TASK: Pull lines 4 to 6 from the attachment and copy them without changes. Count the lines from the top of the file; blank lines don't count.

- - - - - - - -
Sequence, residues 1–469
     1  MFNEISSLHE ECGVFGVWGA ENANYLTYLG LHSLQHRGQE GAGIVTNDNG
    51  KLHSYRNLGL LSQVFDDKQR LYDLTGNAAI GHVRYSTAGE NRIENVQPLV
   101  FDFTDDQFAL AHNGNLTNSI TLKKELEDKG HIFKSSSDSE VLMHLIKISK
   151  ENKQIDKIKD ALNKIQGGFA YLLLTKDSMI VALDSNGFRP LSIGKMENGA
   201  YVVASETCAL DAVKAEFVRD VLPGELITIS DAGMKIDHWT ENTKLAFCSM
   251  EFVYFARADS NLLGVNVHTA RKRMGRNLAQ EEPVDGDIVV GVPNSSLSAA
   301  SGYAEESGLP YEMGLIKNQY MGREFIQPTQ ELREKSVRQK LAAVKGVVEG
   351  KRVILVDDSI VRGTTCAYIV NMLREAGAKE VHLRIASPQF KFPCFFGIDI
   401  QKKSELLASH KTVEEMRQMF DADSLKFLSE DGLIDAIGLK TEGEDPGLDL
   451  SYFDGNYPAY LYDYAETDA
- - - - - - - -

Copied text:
   101  FDFTDDQFAL AHNGNLTNSI TLKKELEDKG HIFKSSSDSE VLMHLIKISK
   151  ENKQIDKIKD ALNKIQGGFA YLLLTKDSMI VALDSNGFRP LSIGKMENGA
   201  YVVASETCAL DAVKAEFVRD VLPGELITIS DAGMKIDHWT ENTKLAFCSM